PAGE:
AARON: 3rd party developers have been creating rich plug-ins that further what can be accomplished in Flash – and many sell them for modest amounts. Subsequent releases of the software ship with functionality that often “put them out of business.” How do you manage this tricky relationship with your audience?
RICHARD: Your right, this is a bit tricky sometimes. We have to take into consideration the affect that adding certain features will have on our developer community and weigh that with the benefits to our users. Many times the reason for even adding such a feature is that it is a highly requested enhancement by our users.

AARON: 3D animation teams typically have coders on staff, creating custom plug-ins or writing lighting code. Do you foresee the 2D character animation community utilizing ActionScript 3.0 – in particular, the ActionScript 3.0 conversion functionality?
RICHARD: I hope so. ActionScript 3.0 is the foundation for a lot of the features in the Flash Player and although we do our best to expose all of those capabilities within the authoring tool it’s very difficult to provide visual tools for many of the API’s that exist. Learning and using AS3 is a great way of extending the possibilities of what one can do with Flash.

AARON: Was it a unanimous decision amongst the Flash team to rebuild the drawing tools in the Illustrator format?
RICHARD: This was more of a customer request. For some time now users have been commenting on the difference in the behavior of the tools. Now that Flash is part of Adobe we felt that consistency was important.

AARON: Has the overall vision of Flash’s value and future changed since Adobe purchased Macromedia?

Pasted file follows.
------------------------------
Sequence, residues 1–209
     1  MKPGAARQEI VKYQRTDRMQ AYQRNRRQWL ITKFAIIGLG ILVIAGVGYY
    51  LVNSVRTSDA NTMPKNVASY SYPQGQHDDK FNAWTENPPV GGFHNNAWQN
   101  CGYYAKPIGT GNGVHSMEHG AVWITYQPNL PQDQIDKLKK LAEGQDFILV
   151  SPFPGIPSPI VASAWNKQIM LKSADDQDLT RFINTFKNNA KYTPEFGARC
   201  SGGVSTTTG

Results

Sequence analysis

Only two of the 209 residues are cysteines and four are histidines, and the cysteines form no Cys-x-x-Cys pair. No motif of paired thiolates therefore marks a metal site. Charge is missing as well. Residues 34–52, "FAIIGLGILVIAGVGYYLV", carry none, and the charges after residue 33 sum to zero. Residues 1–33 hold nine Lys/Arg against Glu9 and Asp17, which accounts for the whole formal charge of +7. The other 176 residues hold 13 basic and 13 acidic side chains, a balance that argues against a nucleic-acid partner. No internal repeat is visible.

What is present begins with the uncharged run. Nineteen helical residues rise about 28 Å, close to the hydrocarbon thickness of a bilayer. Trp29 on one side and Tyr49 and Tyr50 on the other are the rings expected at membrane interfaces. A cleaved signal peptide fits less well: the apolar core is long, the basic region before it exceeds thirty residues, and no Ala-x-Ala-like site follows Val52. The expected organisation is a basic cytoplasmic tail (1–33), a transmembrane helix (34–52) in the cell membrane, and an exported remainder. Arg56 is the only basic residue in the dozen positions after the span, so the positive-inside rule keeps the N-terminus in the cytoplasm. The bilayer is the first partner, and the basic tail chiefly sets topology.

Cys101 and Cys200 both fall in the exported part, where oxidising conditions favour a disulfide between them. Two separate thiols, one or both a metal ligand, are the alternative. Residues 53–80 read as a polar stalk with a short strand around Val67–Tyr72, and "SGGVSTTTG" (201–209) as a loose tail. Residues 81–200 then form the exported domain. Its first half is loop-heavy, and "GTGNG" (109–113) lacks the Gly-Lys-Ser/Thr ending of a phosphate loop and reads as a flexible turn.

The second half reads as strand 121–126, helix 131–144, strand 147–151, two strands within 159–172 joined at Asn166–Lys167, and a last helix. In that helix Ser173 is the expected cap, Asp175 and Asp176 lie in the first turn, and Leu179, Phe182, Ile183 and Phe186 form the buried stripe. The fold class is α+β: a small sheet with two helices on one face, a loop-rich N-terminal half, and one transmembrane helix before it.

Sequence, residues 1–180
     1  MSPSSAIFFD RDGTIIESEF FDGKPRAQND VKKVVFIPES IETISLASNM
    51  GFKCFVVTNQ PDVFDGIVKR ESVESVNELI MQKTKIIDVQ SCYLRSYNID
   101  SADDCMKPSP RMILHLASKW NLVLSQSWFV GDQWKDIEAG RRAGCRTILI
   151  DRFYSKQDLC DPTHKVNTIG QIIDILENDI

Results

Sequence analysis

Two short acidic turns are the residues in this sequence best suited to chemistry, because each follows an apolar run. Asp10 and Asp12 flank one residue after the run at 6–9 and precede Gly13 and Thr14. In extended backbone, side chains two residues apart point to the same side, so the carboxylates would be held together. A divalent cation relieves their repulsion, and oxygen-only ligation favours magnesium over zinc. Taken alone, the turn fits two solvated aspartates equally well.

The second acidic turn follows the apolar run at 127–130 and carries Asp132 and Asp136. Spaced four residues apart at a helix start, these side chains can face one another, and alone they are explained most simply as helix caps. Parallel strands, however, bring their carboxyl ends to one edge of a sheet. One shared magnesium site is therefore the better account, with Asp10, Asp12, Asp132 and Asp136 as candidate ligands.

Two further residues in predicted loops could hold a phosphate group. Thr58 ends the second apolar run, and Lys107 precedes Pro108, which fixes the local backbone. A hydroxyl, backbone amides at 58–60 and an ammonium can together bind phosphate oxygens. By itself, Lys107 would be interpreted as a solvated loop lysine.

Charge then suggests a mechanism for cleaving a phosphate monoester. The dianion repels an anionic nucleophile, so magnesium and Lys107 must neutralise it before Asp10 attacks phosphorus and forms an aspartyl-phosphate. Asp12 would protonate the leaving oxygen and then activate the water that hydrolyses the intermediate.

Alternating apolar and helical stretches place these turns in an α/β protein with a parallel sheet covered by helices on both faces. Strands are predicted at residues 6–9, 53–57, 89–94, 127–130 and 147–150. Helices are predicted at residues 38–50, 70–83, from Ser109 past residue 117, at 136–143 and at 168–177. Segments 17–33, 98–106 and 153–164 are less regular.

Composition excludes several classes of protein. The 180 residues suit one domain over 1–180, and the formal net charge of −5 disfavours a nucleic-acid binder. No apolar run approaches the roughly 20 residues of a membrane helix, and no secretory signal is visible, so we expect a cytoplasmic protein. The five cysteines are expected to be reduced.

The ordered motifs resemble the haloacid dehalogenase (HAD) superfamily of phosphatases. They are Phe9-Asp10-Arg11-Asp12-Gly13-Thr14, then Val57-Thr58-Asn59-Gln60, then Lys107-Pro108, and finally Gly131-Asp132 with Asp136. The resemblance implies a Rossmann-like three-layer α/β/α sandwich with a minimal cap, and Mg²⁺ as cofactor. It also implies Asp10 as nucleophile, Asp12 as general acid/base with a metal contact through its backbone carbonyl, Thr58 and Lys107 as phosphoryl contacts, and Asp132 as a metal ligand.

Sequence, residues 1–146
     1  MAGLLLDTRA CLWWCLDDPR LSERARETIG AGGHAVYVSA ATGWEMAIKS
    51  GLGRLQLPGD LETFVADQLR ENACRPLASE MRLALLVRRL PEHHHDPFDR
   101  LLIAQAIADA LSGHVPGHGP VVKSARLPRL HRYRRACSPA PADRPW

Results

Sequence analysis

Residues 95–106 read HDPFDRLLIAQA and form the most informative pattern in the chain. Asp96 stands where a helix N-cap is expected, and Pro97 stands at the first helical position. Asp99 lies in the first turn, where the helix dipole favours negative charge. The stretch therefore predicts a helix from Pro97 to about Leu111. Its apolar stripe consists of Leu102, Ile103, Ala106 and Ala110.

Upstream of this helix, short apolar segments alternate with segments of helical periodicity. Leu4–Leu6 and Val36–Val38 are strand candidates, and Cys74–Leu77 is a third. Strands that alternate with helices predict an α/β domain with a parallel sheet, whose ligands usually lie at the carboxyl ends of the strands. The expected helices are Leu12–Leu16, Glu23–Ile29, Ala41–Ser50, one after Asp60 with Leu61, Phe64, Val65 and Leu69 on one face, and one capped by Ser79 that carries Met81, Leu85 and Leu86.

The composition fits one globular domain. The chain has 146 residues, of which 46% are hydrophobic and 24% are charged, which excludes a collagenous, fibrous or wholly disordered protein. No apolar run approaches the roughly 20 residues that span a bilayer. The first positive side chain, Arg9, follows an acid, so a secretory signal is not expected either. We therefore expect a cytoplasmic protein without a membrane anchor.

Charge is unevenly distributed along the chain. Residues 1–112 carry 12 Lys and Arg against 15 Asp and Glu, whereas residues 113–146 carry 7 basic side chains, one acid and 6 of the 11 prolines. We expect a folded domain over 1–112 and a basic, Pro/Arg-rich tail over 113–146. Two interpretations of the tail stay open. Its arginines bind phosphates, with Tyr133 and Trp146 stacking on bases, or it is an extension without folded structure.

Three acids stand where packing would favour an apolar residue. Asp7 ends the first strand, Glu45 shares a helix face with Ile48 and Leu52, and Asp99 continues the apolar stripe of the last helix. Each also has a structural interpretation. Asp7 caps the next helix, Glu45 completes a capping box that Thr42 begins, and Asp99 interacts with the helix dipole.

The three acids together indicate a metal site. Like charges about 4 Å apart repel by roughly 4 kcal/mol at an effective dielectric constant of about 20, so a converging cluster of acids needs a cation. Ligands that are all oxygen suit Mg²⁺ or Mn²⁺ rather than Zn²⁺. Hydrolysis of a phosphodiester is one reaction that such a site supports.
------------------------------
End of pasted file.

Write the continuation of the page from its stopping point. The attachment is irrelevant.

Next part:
RICHARD: No, it hasn’t changed but it hasn’t stopped evolving either. I still see Flash as the ultimate digital canvas to allow our users imagination to be visualized. But we can’t stop growing and we must keep up with all the changes constantly happening in our space.

AARON: Has the boot-time improved on CS3?
RICHARD: Yes. It’s a small improvement, but considering all the new libraries that we included in this release for PS, Illustrator and other integration support it’s a considerable improvement.

AARON: Animators stretch the timelines and file sizes of their Flash files to the maximum limits. Did CS3 add support for animators creating 12-minute episodes with tens of thousands of keyframes and 400mb files?
RICHARD: In every release of Flash we do our best to optimize and improve the performance of the tool, but honestly we don’t test the tool with those parameters. I have seen complex animation samples that go beyond 12 minutes, but I can’t say that the .fla file was in the range of 400MB. If you run into a specific example where the size of the project overwhelms Flash we would like to know the details. That way we can reproduce and test.

AARON: Have you had a look at the plug-ins offered at TrickOrScript.com, toonmonkey.com, 4gsw.com and animonger.com and if so, what’s your impression?